On June 24, 2013, Excentus filed an answer to the Shapira defendants' counterclaims. (ECF No. 45.) On June 25, 2013, the Shapira defendants filed a motion for judgment on the pleadings with respect to Excentus' claim for breach of the duty of loyalty and utmost good faith. (ECF Nos. 51 and 52.) On July 9, 2013, Excentus filed a response to the Shapira defendants' motion for judgment on the pleadings with respect to the claims for breach of duty of loyalty and utmost good faith and a brief in support of the response. (ECF Nos. 63, 64.)

At a hearing on July 15, 2013, the court granted without prejudice the Shapira defendants' motion for judgment on the pleadings with respect to Excentus' claim for breach of the duty of loyalty and utmost good faith.

On August 7, 2013, Excentus filed a first amended complaint. (ECF No. 84.) On August 29, 2013, the Shapira defendants filed a motion to dismiss Excentus' claim for breach of the duty of loyalty and utmost good faith and a brief in support of the motion. (ECF Nos. 91, 92.) On September 19, 2013, Excentus filed a brief in opposition to the Shapira defendants' motion to dismiss with respect to its claim for breach of duty of loyalty and utmost good faith. (ECF No. 99.) On October 9, 2013, the Shapira defendants with leave of court filed a reply brief in support of their motion to dismiss. (ECF No. 101.)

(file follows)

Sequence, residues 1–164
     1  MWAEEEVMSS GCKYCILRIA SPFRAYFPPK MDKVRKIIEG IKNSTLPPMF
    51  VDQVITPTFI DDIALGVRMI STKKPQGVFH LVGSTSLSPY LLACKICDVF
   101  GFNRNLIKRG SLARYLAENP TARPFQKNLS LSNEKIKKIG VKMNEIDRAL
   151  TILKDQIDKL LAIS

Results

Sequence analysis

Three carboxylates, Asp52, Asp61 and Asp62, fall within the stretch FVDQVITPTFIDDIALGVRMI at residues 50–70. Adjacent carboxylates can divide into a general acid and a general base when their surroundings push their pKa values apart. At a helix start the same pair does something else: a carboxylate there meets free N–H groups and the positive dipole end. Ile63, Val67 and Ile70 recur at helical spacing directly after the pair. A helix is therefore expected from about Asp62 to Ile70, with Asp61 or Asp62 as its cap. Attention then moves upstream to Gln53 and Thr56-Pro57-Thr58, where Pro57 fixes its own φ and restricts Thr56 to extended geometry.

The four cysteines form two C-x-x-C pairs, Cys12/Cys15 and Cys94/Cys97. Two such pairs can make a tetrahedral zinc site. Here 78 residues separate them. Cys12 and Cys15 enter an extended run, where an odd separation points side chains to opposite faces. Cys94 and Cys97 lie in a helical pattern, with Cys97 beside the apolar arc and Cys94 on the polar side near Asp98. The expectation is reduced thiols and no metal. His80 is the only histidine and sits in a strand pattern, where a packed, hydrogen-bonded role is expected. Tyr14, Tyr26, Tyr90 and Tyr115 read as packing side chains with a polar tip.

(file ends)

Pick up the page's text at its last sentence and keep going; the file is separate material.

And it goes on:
On November 25, 2013, the court held a hearing with respect to the Shapira defendants' motion to dismiss and other motions filed by the parties. At the conclusion of the hearing, the court continued the hearing until December 12, 2012. At the end of the hearing on December 12, 2012, the court took the matter with respect to the motion to dismiss under advisement.

The Shapira defendants' motion to dismiss the breach of the duty of loyalty and utmost good faith claim having been fully briefed and argued before the court is now ripe to be decided by the court.

II. Factual Allegations in the Amended Complaint Accepted as True Solely for the Purpose of Resolving the Motion to Dismiss[1]

Between 1998 and 2011, Excentus became a leader in providing fuel site automation and integration to grocery point of sale systems and in using that technology to develop fuel cross-marketing programs. (ECF No. 84 ¶ 8.)